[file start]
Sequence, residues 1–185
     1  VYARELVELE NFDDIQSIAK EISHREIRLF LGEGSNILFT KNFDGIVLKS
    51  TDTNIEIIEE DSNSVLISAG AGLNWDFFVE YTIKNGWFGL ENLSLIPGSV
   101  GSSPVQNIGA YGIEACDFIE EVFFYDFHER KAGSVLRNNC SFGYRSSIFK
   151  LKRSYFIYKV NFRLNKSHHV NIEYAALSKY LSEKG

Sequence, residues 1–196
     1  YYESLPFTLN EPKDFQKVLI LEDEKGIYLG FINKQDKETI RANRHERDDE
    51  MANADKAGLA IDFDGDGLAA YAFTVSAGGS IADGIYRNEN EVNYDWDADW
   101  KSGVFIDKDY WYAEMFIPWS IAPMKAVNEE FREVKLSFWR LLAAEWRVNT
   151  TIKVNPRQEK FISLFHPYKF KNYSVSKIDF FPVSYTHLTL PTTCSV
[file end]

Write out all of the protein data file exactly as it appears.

Sequence, residues 1–185
     1  VYARELVELE NFDDIQSIAK EISHREIRLF LGEGSNILFT KNFDGIVLKS
    51  TDTNIEIIEE DSNSVLISAG AGLNWDFFVE YTIKNGWFGL ENLSLIPGSV
   101  GSSPVQNIGA YGIEACDFIE EVFFYDFHER KAGSVLRNNC SFGYRSSIFK
   151  LKRSYFIYKV NFRLNKSHHV NIEYAALSKY LSEKG

Sequence, residues 1–196
     1  YYESLPFTLN EPKDFQKVLI LEDEKGIYLG FINKQDKETI RANRHERDDE
    51  MANADKAGLA IDFDGDGLAA YAFTVSAGGS IADGIYRNEN EVNYDWDADW
   101  KSGVFIDKDY WYAEMFIPWS IAPMKAVNEE FREVKLSFWR LLAAEWRVNT
   151  TIKVNPRQEK FISLFHPYKF KNYSVSKIDF FPVSYTHLTL PTTCSV